Movie Review: Fifty Shades of Black

Making a successful, as in consistently funny, comedy film must be difficult. In so many movies, including the recently released “Fifty Shades of Black,” it seems like the filmmakers decide to take the kitchen sink approach and toss in as many components of humor: from witty social commentary to poop jokes into the pot, only to wind up with a strange brew indeed. Which is to say that there are some good laughs in this parody of the best-selling novel (and movie adaptation) “Fifty Shades of Grey,” but also a fair share of groaners.

Here Marlon Wayans stars as Christian Black, a handsome entrepreneur whose money is not entirely made in a respectable way, as he proudly explains to the naïve, virginal college student, Hannah Steale (Kali Hawk), who interviews him as a favor to her crass and sassy roommate, Jenny Zigrino. Like most romantic comedies, it is far from love at first sight, but soon enough Kali is waking up after a drunken (chaste) night at Marlon’s place, and starting to realize she may just have feelings for him. Of course, there’s a lot more to Marlon than first appears – and he soon gifts her with a MacBook suggesting that she do research (starting with why a college student doesn’t already own a laptop). He also delivers a drone to her apartment, as well as giving her a phonebook thick contract laying out the do’s and don’ts of their sexual relationship. As he explains to Kali via flashback, Marlon was first initiated into the mysteries of S&M as a teen by his music teacher (Florence Henderson). As a result, he now has some perverse tastes, and Kali, though less eager, eventually comes to experiment with him in his private whip and chain filled room. Their journey of exploration results in many bruises, broken apartment items, and wacky high jinks, though there’s a happy ending for the scar-crossed (sorry) pair.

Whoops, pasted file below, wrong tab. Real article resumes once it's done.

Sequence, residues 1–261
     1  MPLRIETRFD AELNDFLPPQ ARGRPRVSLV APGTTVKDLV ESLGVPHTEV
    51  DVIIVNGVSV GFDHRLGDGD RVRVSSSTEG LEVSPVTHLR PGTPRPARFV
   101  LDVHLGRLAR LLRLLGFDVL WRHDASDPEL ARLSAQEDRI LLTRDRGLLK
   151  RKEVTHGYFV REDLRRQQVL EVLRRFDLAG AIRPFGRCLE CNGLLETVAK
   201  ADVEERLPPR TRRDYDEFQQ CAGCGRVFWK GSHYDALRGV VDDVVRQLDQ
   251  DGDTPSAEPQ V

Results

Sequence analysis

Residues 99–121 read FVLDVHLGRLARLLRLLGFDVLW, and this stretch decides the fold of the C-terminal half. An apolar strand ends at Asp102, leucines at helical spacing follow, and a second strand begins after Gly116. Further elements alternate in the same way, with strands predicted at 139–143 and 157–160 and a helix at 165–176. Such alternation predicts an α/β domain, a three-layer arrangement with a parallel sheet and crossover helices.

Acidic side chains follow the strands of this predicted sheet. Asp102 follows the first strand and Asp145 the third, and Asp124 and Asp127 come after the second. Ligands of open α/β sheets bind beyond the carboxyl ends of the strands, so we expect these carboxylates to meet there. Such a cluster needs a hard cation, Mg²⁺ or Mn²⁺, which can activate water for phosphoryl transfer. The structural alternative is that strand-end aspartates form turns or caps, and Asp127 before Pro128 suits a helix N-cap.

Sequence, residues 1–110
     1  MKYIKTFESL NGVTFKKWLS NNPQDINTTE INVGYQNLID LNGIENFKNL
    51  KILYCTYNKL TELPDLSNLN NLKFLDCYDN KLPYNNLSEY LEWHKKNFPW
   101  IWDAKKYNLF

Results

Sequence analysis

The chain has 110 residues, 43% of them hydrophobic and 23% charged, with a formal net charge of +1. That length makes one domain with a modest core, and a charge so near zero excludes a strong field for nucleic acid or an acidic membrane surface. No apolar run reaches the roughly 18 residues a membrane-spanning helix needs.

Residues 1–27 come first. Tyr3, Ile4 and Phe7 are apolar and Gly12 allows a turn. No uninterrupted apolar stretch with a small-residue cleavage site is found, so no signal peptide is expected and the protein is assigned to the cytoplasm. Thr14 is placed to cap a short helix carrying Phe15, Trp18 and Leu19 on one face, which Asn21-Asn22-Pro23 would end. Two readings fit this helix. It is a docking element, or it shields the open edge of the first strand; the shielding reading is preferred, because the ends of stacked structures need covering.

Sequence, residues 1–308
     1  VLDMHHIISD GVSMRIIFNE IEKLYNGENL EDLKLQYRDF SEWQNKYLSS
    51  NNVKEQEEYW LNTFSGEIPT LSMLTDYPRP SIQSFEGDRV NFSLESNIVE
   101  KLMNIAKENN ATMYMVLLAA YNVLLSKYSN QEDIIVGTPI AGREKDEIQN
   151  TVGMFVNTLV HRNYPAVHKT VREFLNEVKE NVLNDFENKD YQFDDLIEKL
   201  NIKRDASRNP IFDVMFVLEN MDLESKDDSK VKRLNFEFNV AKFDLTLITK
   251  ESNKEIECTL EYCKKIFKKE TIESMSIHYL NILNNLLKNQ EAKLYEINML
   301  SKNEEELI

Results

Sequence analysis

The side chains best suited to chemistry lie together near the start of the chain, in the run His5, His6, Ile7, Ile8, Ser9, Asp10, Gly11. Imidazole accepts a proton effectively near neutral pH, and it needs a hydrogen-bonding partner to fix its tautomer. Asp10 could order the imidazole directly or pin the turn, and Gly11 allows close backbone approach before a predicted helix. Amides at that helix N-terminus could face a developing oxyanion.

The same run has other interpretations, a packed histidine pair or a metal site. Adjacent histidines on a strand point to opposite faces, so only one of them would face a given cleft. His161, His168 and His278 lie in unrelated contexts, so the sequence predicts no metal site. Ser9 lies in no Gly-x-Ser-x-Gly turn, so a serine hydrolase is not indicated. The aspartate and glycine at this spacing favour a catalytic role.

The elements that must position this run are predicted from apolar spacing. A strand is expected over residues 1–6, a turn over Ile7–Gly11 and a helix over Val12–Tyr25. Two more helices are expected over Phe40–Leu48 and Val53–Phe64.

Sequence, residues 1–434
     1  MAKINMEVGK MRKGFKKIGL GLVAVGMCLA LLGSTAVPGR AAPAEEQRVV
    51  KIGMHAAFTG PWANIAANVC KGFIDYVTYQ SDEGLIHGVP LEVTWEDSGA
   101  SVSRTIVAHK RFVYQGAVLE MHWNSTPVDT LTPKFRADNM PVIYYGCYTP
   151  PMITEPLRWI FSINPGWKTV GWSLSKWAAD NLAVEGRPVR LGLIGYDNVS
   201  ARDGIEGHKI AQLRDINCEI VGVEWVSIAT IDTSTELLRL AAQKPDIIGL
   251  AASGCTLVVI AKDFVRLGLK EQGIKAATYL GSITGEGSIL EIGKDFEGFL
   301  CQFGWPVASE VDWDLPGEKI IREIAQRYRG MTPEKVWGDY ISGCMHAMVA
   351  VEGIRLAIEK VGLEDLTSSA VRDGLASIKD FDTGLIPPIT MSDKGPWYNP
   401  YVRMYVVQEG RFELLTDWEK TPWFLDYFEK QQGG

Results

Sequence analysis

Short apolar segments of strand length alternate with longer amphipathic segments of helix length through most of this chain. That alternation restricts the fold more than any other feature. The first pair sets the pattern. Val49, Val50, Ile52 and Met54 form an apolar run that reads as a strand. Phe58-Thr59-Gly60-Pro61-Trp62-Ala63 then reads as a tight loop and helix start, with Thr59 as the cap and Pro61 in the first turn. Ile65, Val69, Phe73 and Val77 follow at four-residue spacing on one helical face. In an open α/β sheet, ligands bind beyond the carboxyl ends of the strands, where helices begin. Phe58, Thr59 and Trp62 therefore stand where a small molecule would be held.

Whips and chains have an additional subtext when it comes to African-Americans engaging in S&M, and this is acknowledged amusingly, when we see Marlon pass over a whip called “Django Unchained,” only to reach for the one called “Joe Jackson.” When Kali eventually persuades Marlon to turn the tables and is the one wielding the whip, she soon gets into the spirit, giving him strokes for various minority actresses who’ve been brutalized on screen, ending with “That’s for the little white girl in ‘Fifty Shades of Grey.'” Why? “”She had to be naked the entire time.” There’s also a direct potshot at the source material when Marlon pauses in his waterboarding of Kali – only to hit upon the biggest agony of all – reading from the novel itself. “Who wrote this – a third grader?” he quips. Sometimes you may wonder that of this movie, too, but there are some witty parts – they just take some patience to reach.

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